WASHINGTON (Reuters) - Three Americans who endured a half decade as hostages of Marxist-led Colombian rebels moved closer to winning restitution on Wednesday, through U.S. legislation making it easier for former captives to claim assets seized from drug traffickers.
The House of Representatives Judiciary Committee unanimously passed the “Captive Act,” which would allow the former prisoners to claim some of the money U.S. authorities have confiscated from the Revolutionary Armed Forces of Colombia (FARC), a rebel group tied to cocaine trafficking.
If it becomes law, the act would enable other victims of designated foreign terrorist groups to go after frozen drug money if a court rules that they are entitled to damages and there is a link between the organization that harmed them and drug money.
That change could become increasingly important as more groups designated by the United States as international terrorist organizations fund their operations through sales of opium, cocaine or other drugs.
The Department of Justice had opposed a previous version of the law, fearing it could make it harder to use confiscated assets as leverage to convince criminals to change their behavior or leave foreign governments open to claims, even if they were no longer deemed to be state supporters of terrorism.
But those concerns have been addressed in the current version of the legislation, and the administration has not opposed it.
The committee vote was an important victory for Marc Gonsalves, Keith Stansell and Thomas Howes, Department of Defense contractors captured on Feb. 13, 2003, when their plane crash landed during a drug surveillance operation in FARC-controlled territory. The rebels executed their U.S. pilot.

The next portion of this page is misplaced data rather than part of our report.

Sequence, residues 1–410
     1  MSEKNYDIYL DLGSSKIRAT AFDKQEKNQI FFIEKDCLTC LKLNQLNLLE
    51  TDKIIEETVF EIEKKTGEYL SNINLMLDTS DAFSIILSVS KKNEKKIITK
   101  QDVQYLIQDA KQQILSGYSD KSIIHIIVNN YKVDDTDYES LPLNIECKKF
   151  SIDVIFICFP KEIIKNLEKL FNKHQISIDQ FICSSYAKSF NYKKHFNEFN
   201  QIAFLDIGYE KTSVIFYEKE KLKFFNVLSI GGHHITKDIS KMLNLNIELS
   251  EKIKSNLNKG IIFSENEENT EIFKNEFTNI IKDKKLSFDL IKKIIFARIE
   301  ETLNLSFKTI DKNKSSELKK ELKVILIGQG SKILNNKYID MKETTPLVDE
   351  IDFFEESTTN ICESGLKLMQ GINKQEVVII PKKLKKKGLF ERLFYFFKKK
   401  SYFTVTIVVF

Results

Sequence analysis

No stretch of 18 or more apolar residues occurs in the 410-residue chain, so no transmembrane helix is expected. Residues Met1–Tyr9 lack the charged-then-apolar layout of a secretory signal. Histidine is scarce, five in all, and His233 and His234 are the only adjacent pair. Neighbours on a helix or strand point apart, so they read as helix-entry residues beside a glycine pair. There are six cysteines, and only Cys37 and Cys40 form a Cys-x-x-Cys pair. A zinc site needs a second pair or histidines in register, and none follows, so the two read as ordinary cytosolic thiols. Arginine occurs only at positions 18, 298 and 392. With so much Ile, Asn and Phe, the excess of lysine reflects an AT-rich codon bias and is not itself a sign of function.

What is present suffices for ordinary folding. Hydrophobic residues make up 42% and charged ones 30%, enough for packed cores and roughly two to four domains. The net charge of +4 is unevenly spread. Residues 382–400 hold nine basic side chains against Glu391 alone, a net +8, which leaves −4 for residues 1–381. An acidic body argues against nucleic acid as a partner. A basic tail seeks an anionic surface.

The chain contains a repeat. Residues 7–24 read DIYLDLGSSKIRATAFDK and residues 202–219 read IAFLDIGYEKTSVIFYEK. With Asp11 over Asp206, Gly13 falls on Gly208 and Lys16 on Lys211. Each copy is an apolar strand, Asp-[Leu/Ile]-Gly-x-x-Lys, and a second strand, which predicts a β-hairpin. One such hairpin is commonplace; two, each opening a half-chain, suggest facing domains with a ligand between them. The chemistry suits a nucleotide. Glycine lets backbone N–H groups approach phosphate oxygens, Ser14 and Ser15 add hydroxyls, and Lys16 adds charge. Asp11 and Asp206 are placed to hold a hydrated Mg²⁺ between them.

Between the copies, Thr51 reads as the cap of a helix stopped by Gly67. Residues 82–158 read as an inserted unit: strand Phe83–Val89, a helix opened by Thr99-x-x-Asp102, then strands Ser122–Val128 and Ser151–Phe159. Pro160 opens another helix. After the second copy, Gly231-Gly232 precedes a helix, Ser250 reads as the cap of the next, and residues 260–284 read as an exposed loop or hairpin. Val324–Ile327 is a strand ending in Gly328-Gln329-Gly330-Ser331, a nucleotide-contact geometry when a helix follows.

Their case has largely slipped from public notice, but the more than 50-year war between the FARC and Colombia’s government is back in the spotlight as negotiators try to end the conflict through negotiations in Cuba.
A raid by Colombian forces freed the contractors on July 2, 2008, along with French-Colombian politician Ingrid Betancourt and 11 other hostages.
The three men, the longest-held American hostages in Colombia, endured brutal conditions. Often in cages and chained by the neck, they survived torture, starvation and repeated mock executions.
“I would never wish what happened to me on my worst enemy. But I’m glad I wasn’t alone there,” Gonsalves told Reuters in a telephone interview.
Gonsalves said they were held so long that he and Stansell, who previously had not spoken Spanish, became fluent. And they watched their guards, many of whom were children when they were captured, grow into adults.
“In the beginning, I was like ‘My gosh, I won’t last another few weeks here,’ and then a few months go by, and then years, and then more years,” he said.
In 2012, a Florida judge awarded the former hostages $318 million, to be paid from bank accounts seized from Colombian drug traffickers linked to the FARC. But they have been able to claim only a tiny portion of that money because the law empowering the United States to take the funds does not contain language allowing the money to be paid to victims.
The “Captive Act,” which changes that, must be passed by the full House and Senate, and signed by President Barack Obama, to become law. The bill’s backers expect it to pass in May.
“Our bill corrects this injustice and allows these heroes and other victims of terrorism to collect blocked assets derived from drug proceeds,” Representative Bill Posey, a bill sponsor, told Reuters.
Reporting by Patricia Zengerle; Editing by Don Durfee and Tom Brown